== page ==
Loliondo evictions: bad for people, conservation and pastoralism

By Lucas Yamat and Pablo Manzano

Maasai people walking in a grassland
Maasai, Loliondo, Tanzania / Vince Smith / cc-by 2.0

On 7 June, a paramilitary group estimated to be around 700 people – mostly police, park rangers, military and other security forces – arrived in the Loliondo area of Ngorongoro, Tanzania. Violence followed, including the shooting and arrests of local residents protesting against the installation of beacons to demarcate a conservation area.  

The Government of Tanzania are proposing to relocate pastoralists out of the game control area, with the stated intention of conserving it. The decision is being made over the claims that the game control area is the main source of water for the Serengeti ecosystem. It is claimed to be at the threshold of ‘carrying capacity’, due to booming populations of people and livestock.

These discussions have created fears of eviction among Loliondo residents and remain a subject of much concern.

However, the threats and conflict are not new. They are part of a significant series of debates over land-based conflicts in Ngorongoro that have lasted for decades, dragging Tanzania into a national dilemma.

Background to the land disputes

Land disputes in the Ngorongoro district have a long history. On several occasions, the dispute has involved local communities, conservationists and the Ministry of Natural Resources and Tourism. Several efforts have been made to obtain a lasting solution, but they are yet to bear fruits.

Why is this the case? It seems there has not been a common ground to allow communities to discuss their decisions on land in order to achieve a win-win consensus and forge a long-lasting solution.

In the Loliondo area, the land dispute has now lasted for 30 years.

In 1992 the Otterlo Business Corporation (OBC) was given a hunting block in the Loliondo game control area. Since then, the residents have lived in constant fear of eviction from their land.

There have been repeated threats and attempts to evict people in the 1,500 km2 area, constituting a gross human rights violation. For instance, some people have had their homes set ablaze, people have lost their lives, livestock have been killed and other property has been destroyed.  

The latest phase of the land dispute emerged as the government began to demarcate 1,500 km2 of the game control area – a land bordering Serengeti national Park, where exclusive hunting activities take place. The area demarcated, however, is a part of the 4,000 km2 ‘village land’ that belongs to 14 villages.

The current crisis in the Ngorongoro points to an increasing tension between nature conservation and local livelihoods. While there is evidence that biodiversity and poverty eradication programmes can coexist and can provide a long-term strategy, this seems to be completely ignored in this case.

In too many places, national governments, private corporations and large conservation groups collude, in the name of conservation, not just to force indigenous groups off their land – but to force them out of existence.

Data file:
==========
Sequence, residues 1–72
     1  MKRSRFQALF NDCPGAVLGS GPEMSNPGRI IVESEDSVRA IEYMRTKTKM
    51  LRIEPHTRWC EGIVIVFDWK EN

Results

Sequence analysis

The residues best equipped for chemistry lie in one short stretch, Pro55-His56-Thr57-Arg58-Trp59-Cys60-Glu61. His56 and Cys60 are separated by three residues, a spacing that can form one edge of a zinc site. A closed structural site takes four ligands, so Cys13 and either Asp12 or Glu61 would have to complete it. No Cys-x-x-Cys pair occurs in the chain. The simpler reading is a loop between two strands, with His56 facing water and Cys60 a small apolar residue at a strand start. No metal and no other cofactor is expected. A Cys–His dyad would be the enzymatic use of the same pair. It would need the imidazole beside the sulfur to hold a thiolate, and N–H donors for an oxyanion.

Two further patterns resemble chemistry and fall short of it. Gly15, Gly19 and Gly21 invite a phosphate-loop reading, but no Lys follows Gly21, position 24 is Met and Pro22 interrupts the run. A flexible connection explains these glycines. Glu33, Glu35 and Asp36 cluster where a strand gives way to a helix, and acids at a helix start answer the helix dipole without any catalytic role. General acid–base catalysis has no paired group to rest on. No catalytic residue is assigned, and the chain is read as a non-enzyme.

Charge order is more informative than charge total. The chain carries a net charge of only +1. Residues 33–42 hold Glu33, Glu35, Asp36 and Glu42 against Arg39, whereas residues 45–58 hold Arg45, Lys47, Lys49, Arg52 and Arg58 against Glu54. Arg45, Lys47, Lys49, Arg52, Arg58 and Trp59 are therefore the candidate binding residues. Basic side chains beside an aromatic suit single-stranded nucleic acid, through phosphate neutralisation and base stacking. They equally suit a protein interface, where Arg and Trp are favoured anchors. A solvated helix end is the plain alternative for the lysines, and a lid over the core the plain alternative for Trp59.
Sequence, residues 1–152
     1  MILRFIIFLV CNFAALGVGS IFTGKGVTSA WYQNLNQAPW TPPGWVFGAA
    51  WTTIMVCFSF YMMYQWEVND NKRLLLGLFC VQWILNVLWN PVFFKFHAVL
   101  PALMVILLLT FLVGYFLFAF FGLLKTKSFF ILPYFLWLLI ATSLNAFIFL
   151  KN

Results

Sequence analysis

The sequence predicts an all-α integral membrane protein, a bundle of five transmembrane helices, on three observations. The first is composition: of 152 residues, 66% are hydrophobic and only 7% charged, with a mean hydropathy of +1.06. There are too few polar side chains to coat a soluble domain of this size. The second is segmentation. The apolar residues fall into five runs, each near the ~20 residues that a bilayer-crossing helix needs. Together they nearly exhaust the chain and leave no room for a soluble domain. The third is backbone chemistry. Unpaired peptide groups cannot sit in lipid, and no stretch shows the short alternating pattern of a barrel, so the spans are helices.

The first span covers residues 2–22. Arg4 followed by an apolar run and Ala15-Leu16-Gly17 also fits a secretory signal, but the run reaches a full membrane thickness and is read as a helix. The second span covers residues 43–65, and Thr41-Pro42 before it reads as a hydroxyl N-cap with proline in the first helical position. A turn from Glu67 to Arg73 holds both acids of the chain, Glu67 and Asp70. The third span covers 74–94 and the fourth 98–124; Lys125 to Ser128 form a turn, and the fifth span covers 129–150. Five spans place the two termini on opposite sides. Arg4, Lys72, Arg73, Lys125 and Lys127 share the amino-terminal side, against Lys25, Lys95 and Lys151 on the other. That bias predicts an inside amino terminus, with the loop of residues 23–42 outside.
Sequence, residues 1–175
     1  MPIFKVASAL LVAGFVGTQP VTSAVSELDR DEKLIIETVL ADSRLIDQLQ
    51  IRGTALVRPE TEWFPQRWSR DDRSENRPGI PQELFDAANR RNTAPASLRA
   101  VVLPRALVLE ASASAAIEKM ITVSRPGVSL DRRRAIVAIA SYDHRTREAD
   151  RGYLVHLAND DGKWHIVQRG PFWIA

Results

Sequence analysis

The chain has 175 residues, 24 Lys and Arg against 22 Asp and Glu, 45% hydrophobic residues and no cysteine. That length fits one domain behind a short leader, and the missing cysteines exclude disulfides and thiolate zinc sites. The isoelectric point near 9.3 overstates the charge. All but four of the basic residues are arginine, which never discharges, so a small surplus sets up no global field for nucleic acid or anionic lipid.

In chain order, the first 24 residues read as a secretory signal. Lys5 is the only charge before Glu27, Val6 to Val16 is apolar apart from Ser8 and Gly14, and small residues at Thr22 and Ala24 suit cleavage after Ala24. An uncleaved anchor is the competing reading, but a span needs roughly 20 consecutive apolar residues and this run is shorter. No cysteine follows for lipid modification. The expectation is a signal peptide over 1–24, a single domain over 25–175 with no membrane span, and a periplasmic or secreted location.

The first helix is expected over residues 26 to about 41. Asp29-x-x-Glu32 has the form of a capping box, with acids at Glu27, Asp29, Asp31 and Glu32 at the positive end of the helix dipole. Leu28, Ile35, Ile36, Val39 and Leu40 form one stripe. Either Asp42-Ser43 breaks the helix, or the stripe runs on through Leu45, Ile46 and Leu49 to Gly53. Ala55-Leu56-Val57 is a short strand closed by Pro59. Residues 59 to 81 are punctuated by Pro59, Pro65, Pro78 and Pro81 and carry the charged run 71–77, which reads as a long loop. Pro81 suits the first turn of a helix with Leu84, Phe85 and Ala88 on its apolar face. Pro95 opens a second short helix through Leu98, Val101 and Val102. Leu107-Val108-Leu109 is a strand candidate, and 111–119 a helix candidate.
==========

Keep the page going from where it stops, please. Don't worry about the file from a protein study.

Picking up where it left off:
What is happening now?

The arrival of the paramilitary group in Loliondo on 7 June sparked immediate unrest and public panic.

For some time, rumours had circulated that the government would deploy a military unit to demarcate the 1,500 km2. These rumours are borne out by some evidence. Earlier this year, in a session of the Tanzanian parliament, one parliamentarian advised the government to use military force, including tankers and bombs, to evict the Maasai of Ngorongoro division.

Despite submission of reports by the community to the government in May, the authorities are moving ahead to demarcate the long-contested area of 1,500 km2 of the Maasai ancestral lands that fall under the village land of Loliondo division, without the opportunity for local people to respond. When these community reports were submitted, the government (through the Prime Minister) assured these communities that it would consider their proposals and recommendations, to ensure that the interests of nature conservation and livelihoods are balanced.

On 9 June, more than 10 Maasai leaders were arrested and more than 30 men and women were wounded during violent clashes, as they protested against erection of beacons and eviction from their land to make way for a luxury game reserve.

On 17 June, the Maasai leaders and other community members who were arrested in Loliondo were maliciously charged with murder. The government announced the death of one police officer, but failed to mention civilians.

Several international agencies, including UN human rights experts, the International Working Group on Indigenous Affairs and conservation agencies have already warned the Tanzania government about the ongoing clashes, and have requested the authorities to intervene, as well as stop the evictions as soon as possible. While it is evident that evictions are intended, the government has denied it was trying to evict anyone, and said it was trying to conserve the area.